PSC air hoses/angle cock brackets: Modeling notes.

Denny Anspach <danspach@...>

Please discard any preceding post under a similar title . It was
inadvertently sent when quite incomplete!


For a very long time I have been interested in improving the scale
detailing on the ends of our operating freight cars. Air hoses, angle
cocks and their brackets have been major players.

As the result of dissatisfaction with any acceptable HO plastic air
hose longevity under real time operating conditions (with/without plastic angle cocks), and-- the complete marketplace absence the most
common pattern of anglecock brackets used in our freight car era, the
idea arose on this list of using sturdy brass hoses and brackets .
However, although high quality brass hoses have been available from
PSC and Cal Scale for some time, until PSC was recently persuaded to
cast brackets made to Dennis Storzek's plans, and Dennis' and Chad
Boas' patterns, freight car detailers have had no effective strong way
of mounting the brass hoses to the model, at least in any fashion that
would stand up to more than a week or so in operations. This simply
recognizes the fact that the very rigidity of the brass hoses can
create an even more stiff lever arm that when pressed will almost
assuredly dislodge, break or send flying any intermediary plastic or
resin mounting angle cock bracket!

Here are some notes and suggestions resulting from applications of
these relatively new important details to recent freight car modeling
projects. Some understanding of working with these very fine brass
parts is helpful, not only to get the most out of these fine parts,
but also to reduce any wastage of these relatively costly items.

Brass Air Hoses: The PSC air hose (#3150) has a finely detailed angle
cock on each side of which are very short thin areas representing the
transitions to the fittings of the rubber hose on one side, and the
air pipe on the other. These tiny "choke points" represent very
fragile areas that in the process of careless handling leads to very
easy breakage before one even gets going. In my hands "careless handling" has meant not FIRMLY supporting these points with
needlepoint pliers or similar while either straightening or shaping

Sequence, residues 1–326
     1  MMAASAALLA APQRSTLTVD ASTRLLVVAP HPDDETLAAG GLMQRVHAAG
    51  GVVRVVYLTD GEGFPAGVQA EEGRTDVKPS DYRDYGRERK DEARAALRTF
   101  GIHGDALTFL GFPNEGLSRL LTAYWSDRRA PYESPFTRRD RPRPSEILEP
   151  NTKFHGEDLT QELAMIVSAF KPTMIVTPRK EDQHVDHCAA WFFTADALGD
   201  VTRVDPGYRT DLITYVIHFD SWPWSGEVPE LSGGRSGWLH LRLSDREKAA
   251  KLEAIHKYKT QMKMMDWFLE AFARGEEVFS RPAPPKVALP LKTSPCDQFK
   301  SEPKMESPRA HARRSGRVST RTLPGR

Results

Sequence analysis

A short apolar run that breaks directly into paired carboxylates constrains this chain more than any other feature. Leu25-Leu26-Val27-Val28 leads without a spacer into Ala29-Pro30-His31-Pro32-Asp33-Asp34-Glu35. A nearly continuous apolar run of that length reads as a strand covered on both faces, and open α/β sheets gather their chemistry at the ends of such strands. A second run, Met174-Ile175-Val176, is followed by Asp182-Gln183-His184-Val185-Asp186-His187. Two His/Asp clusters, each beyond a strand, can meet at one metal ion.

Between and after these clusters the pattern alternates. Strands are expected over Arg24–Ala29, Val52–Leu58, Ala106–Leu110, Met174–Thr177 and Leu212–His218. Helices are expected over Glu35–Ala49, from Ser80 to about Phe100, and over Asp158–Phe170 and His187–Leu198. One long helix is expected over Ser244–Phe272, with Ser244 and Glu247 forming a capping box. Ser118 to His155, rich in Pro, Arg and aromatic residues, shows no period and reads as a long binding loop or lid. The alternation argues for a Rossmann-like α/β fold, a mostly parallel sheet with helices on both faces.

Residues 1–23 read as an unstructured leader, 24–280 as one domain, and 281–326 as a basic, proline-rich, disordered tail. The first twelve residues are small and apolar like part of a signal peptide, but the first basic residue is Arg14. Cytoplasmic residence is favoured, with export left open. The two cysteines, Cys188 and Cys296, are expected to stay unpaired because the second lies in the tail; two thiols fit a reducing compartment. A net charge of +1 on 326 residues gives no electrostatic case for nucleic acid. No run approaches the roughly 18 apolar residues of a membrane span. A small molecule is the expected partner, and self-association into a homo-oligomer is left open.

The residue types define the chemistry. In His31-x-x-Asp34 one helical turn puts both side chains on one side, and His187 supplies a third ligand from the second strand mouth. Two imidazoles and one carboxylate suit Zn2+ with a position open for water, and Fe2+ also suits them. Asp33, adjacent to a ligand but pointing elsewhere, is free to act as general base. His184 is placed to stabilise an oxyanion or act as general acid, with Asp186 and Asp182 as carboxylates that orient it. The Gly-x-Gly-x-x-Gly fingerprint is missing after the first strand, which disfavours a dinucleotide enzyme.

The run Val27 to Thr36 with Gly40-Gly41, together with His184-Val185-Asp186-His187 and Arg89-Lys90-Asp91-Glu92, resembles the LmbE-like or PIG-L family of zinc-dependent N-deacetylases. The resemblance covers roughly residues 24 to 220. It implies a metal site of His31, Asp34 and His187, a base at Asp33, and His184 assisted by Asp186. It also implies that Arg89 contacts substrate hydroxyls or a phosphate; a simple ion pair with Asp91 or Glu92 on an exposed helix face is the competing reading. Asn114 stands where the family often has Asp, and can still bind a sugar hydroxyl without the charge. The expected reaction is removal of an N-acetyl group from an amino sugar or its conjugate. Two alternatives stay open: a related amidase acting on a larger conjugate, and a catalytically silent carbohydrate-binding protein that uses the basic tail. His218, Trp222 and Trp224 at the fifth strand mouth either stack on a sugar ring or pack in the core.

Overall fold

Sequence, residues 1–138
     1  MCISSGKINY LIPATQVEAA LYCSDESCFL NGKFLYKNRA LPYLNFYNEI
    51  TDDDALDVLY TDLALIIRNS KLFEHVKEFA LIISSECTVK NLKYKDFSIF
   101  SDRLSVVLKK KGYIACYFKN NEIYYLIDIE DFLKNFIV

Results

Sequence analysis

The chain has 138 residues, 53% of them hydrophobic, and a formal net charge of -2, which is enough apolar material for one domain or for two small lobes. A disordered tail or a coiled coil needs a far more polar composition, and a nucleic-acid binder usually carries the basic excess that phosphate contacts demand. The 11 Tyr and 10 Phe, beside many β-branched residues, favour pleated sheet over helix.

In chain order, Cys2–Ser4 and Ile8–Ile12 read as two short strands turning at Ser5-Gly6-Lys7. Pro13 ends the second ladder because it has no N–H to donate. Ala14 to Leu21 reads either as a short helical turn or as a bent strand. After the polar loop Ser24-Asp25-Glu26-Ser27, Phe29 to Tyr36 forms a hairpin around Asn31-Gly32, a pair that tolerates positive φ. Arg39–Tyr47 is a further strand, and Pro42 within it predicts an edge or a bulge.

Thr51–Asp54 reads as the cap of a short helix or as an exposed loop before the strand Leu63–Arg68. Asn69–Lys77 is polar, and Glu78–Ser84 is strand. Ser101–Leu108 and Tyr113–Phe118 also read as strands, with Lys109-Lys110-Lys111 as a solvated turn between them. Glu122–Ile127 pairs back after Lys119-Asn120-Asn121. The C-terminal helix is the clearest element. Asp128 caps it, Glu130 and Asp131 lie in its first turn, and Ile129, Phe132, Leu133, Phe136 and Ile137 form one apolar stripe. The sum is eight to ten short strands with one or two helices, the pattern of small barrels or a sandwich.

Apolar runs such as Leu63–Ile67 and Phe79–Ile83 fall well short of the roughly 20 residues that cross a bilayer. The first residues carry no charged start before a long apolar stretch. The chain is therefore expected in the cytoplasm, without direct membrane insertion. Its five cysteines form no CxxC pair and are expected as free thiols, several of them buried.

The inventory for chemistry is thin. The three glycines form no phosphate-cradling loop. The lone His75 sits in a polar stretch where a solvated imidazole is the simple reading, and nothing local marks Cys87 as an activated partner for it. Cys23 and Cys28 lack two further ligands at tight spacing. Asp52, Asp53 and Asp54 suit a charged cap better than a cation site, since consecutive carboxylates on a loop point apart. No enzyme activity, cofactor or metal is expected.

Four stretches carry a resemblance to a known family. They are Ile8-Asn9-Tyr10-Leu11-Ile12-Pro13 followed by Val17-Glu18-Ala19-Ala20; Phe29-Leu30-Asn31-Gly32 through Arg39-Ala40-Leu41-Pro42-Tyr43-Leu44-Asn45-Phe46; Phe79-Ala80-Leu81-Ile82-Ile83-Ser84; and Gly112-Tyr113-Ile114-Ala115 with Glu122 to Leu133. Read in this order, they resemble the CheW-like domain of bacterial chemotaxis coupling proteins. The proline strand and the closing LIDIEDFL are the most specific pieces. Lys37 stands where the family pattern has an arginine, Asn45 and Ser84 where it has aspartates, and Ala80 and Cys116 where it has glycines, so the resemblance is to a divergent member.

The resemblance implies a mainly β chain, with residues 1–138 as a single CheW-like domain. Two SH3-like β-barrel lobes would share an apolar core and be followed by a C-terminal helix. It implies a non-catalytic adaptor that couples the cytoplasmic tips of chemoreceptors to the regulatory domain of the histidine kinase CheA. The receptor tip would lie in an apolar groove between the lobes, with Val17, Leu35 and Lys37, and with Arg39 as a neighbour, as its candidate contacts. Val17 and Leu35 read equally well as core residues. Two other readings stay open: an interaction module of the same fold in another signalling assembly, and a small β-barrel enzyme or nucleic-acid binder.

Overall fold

the air pipe; or more commonly, while also performing the gentle
shaping of the air hose itself into its characteristic drooping
compound curvature, i.e. a curve toward the vertical in the
longitudinal plane, and a curve toward the center horizontal in the
transverse plane (these respective curves of the two adjoining hoses
replicate the natural curvature described when the two are coupled

The air pipe is a nominal .020" (#76), but variations make an
assumption of .021" (#75) a much safer proposition.

Brass Angle cock Bracket: The key to the use of this bracket
(#39156) is to successfully drill-out of the center of the U bolt that
wraps around the air hose brake pipe. The U bolt could not be cored
during the casting process, and although nominally there is instead a
dimple to capture the point of a #75 or #76 drill, individual casting
variations sometimes make the dimple almost impossible to locate.
After some excessive wastage charged off to a learning curve, I have
settled on the following drilling procedure:

1) Before clipping the brackets from their sprue, I center-punch each
of the U bolts while bracing the face of each U bolt on a supporting surface. This solved the drill-centering problem.

2) I then sharply clip off each bracket at the very base of its sprue,
the resulting "post" serving to provide a very effective mechanical
anchor into a drilled #71 hole into the underside of the freight car.
Using sharp nippers creates a clean undistorted "cut", while unsharp
cutters distort and enlarge the post.

3) I clamp each separated bracket into a vise drill out the delicate